Because they were coming due, let’s not forget that.
Finally I Quit
Well, not just yet. At this point in the story I’m still 22, green and eager, determined to make everything my own, and trying really hard to prove myself to just about everybody. But you can’t make a jigsaw puzzle piece fit into a lego. We can fast forward through the next 8-or-so years where I climbed the corporate ladder, impressed my bosses and mentors enough to create new positions for me just so that I’d have some ownership and autonomy in a world that so wasn’t built for me, and bent over backwards to meet other people’s objectives before going home at night wondering what the purpose or meaning was behind any of it.
I was paying my bills, but I wasn’t fulfilled, and I wasn’t using my talents.
After switching jobs and industries to reduce my commute and start a marketing department from the ground-up for a company that really needed one, I landed a fancy title and fancy office but I was more frustrated than ever. The bureaucratic nonsense that overrode any buy-in necessary to do my job and deliver as promised was causing major interference in my brain waves.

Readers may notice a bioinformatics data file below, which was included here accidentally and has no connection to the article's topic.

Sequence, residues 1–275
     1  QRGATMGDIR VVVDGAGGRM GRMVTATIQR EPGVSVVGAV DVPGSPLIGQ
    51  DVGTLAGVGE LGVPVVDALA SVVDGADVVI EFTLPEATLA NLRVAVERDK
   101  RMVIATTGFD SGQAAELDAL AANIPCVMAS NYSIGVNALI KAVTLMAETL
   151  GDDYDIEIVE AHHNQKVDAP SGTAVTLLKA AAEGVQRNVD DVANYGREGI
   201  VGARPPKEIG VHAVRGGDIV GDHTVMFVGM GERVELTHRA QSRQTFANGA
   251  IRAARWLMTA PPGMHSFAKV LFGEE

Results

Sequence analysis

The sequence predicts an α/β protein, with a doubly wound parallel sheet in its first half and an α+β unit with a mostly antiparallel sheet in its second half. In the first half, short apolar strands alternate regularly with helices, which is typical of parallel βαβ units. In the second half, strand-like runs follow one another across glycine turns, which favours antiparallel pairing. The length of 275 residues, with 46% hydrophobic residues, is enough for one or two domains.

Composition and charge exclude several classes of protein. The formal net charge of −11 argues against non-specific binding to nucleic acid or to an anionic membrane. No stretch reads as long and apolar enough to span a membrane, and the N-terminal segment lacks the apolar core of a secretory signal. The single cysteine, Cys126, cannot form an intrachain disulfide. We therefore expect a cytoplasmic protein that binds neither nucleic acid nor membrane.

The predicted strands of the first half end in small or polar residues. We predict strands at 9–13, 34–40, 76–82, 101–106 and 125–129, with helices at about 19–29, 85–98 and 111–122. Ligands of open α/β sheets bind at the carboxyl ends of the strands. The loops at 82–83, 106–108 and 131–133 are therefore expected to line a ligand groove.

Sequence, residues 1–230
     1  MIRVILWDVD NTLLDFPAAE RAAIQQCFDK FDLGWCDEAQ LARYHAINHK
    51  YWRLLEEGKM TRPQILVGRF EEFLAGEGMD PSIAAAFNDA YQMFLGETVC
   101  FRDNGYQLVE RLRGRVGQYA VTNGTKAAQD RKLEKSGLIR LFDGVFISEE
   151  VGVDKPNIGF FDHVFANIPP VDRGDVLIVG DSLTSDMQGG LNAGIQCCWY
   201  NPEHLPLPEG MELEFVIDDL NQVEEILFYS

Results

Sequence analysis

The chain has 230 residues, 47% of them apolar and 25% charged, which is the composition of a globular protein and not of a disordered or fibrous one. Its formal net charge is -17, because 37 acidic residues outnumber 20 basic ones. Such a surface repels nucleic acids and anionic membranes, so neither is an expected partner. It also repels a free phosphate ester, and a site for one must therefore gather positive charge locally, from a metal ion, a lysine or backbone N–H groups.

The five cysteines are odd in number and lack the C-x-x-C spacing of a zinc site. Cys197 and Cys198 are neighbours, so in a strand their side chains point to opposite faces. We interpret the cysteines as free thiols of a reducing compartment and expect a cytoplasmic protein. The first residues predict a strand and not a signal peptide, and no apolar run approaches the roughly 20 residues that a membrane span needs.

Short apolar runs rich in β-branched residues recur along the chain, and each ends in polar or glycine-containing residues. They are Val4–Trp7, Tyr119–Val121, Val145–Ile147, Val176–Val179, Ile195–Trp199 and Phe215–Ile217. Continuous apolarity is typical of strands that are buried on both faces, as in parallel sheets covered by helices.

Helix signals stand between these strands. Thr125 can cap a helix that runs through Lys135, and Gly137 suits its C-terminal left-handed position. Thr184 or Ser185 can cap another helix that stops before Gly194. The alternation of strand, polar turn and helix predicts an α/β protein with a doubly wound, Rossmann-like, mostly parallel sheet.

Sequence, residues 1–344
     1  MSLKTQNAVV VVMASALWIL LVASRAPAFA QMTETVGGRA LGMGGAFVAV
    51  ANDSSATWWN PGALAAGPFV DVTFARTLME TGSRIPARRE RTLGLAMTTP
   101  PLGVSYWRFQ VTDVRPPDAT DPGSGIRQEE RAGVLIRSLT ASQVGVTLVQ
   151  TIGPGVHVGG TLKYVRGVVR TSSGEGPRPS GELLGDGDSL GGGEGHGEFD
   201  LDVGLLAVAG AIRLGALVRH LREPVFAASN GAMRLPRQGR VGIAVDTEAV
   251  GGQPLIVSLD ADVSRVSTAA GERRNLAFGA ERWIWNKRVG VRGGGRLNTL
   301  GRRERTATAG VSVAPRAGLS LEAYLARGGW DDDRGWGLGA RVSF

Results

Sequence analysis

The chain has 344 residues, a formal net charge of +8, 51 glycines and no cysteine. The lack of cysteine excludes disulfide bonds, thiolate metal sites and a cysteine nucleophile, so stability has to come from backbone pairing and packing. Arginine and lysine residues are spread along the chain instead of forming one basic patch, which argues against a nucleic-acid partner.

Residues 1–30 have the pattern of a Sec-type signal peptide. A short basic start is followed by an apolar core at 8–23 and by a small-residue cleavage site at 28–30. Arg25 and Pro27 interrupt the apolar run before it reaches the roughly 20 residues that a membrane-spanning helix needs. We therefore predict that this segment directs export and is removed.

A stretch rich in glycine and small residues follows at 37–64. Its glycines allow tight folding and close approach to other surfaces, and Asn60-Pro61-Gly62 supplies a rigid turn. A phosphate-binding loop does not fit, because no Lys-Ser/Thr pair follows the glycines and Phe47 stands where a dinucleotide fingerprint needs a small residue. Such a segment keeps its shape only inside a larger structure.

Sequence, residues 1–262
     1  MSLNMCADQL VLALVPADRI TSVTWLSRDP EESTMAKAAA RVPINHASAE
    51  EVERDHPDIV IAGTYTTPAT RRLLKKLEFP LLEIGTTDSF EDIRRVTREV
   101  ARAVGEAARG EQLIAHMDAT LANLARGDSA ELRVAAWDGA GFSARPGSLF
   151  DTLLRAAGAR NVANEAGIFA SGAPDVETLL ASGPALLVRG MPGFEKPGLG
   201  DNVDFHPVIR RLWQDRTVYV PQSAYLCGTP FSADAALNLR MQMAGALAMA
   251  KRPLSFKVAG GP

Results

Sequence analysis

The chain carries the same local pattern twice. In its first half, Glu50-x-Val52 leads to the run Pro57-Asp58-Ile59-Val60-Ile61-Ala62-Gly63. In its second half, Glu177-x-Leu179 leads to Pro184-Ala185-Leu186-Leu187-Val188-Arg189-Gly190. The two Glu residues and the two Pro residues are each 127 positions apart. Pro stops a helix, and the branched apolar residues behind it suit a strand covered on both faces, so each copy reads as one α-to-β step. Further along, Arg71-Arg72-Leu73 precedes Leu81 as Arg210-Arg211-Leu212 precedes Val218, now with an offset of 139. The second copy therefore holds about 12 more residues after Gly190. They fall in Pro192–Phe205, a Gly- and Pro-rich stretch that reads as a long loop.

Around the same time that I was banging my head against the wall in corporate hell, my personal life started requiring more flexibility. People close to me were having health issues and needing medical procedures. I was being depended on.
The bosses didn’t like this, and didn’t take kindly to me asking for time off as a recently hired employee who hadn’t yet fulfilled the straight 90-day obligation of time done in exchange for human decency. I had to beg, plead, coax, finagle, and overcompensate my way into and out of tenuous conversations and use the sympathy card as a bargaining chip too many times for my comfort. This was demeaning. These people didn’t know me or my family, and they sure as hell didn’t care (at least not as much as they cared about their own bottom line), so why was I letting them dictate the terms of my life? For an unfulfilling job and a paycheck?
My Most Marketable Asset Was Me (All Along)
To say I was “done” would be putting it mildly. I would actually lay in bed, snooze my alarm multiple times, and stare at the clock telling me I was already wayyyy late, thinking, “I don’t even care if I get fired today. There’s got to be something more to life than this.“
Something funny happens when you’re in charge of building a department from the ground up, without a team, and without buy-in. You have to get really creative, really resourceful, and try your hand at a lot of different things. All of my experiential experimentation amassed me a small mountain of foundational know-how — enough to assure me that I could take what I’d learned and do it on my own for a much larger (and more appreciative) client base. It was time to put my money where my mouth was.